In some disasters, people can get financial help in the form of low-interest loans or grants. These can help renters and homeowners get back on their feet. The funds can be used only for certain things, such as replacing essential personal belongings, fixing vehicles, paying for disaster-related medical costs, and fixing or rebuilding homes.

To get federal financial help, the governor must first ask and get an individual help disaster declaration. Then, those people in the disaster-declared counties can sign-up with the Federal Emergency Management Agency (FEMA). They must fill out a disaster loan application from the Small Business Administration.

Even if homeowners and renters don't want a loan or don't expect to get a loan, they should still fill out and return the SBA application. A filled out SBA loan application is needed in order to get for state and FEMA grants.

When damage is assessed, the applicant must provide several items to prove ownership. Here is a complete list of the items an applicant must provide for a damage assessment. 

SBA loans can be used to pay for disaster-related damages for those homeowners, renters, businesses of all sizes and nonprofit groups in impacted counties who are able to get them. People with home-based businesses or rental property who have been affected by the storm may also be able to get SBA loans.

Homeowners can borrow as much as $200,000 to fix or replace their main home. Homeowners and renters can borrow as much as $40,000 to replace personal property lost in the disaster.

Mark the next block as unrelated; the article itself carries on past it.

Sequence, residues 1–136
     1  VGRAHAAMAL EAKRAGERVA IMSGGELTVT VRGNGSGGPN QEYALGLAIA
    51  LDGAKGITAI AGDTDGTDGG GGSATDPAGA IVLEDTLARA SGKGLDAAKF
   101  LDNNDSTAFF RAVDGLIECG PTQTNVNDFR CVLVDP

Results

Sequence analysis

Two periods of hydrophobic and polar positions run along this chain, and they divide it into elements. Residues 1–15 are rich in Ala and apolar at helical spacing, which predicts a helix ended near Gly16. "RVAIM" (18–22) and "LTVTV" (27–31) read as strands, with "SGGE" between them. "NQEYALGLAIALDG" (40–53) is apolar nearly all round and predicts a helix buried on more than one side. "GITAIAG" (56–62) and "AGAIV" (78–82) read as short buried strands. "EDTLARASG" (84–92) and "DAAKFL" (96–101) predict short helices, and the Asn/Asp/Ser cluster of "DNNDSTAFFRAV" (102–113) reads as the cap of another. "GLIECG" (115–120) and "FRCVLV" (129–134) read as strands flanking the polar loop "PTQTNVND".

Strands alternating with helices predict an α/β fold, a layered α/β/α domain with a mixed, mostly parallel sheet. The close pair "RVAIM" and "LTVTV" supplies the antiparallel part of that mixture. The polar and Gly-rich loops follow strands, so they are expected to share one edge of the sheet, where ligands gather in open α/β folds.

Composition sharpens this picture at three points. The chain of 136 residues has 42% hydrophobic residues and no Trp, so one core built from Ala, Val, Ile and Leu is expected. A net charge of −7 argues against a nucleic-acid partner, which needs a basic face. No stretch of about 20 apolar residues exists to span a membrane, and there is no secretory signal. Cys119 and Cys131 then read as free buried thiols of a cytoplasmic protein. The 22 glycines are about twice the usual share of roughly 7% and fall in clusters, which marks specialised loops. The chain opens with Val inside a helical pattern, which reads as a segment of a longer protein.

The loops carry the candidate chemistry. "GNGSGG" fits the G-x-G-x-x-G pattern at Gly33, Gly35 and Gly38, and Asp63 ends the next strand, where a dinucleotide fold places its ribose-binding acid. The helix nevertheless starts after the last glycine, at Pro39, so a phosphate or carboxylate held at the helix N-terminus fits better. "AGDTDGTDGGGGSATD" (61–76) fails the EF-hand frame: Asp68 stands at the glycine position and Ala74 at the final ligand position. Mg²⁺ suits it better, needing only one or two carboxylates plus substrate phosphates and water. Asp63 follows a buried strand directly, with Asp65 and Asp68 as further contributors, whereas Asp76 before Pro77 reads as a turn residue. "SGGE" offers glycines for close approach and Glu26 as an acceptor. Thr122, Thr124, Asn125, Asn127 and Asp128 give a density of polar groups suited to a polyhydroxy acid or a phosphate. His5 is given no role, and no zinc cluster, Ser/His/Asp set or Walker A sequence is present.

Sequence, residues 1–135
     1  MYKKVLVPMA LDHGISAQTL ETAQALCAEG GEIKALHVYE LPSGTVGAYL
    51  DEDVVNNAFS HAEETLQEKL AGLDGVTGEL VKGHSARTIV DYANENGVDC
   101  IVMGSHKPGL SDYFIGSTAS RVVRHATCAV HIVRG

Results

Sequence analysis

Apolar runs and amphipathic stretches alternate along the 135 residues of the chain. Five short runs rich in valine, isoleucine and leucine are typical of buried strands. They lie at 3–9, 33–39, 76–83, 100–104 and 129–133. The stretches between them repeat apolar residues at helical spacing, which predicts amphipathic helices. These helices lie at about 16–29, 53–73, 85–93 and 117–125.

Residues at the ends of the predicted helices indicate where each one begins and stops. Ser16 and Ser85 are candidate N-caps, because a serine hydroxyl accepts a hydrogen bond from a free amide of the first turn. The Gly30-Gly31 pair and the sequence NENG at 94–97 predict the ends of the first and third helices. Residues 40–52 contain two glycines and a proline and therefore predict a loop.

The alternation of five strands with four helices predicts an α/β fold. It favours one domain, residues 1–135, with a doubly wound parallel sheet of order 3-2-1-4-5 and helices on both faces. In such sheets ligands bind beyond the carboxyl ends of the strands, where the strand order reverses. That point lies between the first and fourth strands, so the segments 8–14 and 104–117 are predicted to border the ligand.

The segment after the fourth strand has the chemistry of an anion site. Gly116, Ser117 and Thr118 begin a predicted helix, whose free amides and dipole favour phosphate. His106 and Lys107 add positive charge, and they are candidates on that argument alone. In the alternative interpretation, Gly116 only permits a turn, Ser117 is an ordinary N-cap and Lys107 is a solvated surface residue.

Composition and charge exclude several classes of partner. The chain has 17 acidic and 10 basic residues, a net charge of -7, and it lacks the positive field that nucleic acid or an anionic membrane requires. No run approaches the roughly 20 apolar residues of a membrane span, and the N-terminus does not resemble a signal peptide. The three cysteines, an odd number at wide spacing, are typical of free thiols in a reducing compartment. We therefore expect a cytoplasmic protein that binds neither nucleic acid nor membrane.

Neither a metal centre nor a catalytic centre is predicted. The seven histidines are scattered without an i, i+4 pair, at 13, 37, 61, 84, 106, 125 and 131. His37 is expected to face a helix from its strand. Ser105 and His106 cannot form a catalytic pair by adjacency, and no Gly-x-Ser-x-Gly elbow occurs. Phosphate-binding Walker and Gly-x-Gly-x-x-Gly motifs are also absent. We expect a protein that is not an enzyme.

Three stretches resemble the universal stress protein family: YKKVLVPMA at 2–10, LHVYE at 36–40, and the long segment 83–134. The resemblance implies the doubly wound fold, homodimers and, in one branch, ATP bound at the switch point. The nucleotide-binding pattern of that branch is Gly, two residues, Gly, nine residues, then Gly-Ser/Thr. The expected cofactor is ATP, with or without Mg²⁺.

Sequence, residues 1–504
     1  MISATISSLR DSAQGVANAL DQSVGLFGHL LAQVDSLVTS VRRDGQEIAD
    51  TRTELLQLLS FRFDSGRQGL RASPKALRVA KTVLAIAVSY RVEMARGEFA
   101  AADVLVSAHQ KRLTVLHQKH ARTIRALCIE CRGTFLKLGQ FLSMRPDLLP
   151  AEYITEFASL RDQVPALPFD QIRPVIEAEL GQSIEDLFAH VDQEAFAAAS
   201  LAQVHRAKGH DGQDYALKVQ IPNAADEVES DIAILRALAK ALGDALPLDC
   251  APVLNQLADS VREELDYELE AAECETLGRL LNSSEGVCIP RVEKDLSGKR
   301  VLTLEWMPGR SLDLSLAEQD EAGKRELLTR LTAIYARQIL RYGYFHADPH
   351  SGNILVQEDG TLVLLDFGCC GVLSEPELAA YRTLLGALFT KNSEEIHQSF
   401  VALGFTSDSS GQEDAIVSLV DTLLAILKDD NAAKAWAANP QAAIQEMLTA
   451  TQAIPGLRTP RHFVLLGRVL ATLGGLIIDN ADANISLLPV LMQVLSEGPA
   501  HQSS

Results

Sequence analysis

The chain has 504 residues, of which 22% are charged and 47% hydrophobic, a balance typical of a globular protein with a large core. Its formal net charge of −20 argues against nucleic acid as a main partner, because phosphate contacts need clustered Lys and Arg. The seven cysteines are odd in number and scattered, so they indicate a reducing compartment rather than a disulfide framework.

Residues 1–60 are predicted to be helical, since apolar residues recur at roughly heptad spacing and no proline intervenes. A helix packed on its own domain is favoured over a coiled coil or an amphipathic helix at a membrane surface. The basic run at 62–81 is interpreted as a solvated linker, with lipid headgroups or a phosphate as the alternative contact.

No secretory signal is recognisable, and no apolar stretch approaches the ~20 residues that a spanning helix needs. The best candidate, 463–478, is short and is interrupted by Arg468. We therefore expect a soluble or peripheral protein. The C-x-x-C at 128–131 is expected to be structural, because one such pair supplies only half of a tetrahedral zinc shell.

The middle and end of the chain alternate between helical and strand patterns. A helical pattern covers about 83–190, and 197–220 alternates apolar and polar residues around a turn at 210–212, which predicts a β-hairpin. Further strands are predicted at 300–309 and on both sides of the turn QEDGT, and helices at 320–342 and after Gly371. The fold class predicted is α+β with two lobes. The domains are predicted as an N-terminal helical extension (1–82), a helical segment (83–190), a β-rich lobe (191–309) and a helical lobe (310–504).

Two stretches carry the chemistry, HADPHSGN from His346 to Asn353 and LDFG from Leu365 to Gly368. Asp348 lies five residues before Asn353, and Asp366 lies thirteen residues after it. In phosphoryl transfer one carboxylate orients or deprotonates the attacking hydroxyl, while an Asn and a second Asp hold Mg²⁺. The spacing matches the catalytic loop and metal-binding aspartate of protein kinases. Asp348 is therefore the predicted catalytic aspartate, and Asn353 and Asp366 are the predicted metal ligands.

Businesses can borrow up to $2 million to fix or replace disaster-damaged real estate, machinery and equipment, inventory and other business assets. The SBA also gives small business owners and most private nonprofit groups economic injury disaster loans for ongoing business expenses to recover from the economic impact of a disaster. Economic injury disaster loans are available even if the business didn't have physical damages.

Loan amounts and terms are figured out on a case-by-case basis. Interest rates are very low. Payment terms as long as 30 years are intended to make the loans affordable.

Unemployment Help

Those workers or business owners who temporarily or permanently lose their jobs due to the disaster may can get financial help. The N.C. Employment Security Commission offers Disaster Unemployment Assistance (DUA) for those in federally-declared counties whose jobs or businesses were impacted by damage from the disaster. Workers or business owners meeting the following may be able to get these benefits:

  • People who are unemployed due to the disaster, and do not qualify for regular unemployment insurance benefits;
  • Self-employed people and small business owners who lost income due to the disaster;
  • People who were kept from working due to an injury caused by the disaster;
  • People who have become the major supplier of household income due to the disaster-related death or injury of the previous major supplier of household income;
  • People who are not able to get to their job or self-employment location because they must travel through the affected area and are stopped from doing so by the disaster; or
  • People who were to begin a job or self-employment but were stopped by the disaster.

DUA is funded entirely by the federal government and is not available in every disaster.

For more information, go to the N.C. Division of Employment Security website about Disaster Unemployment Assistance.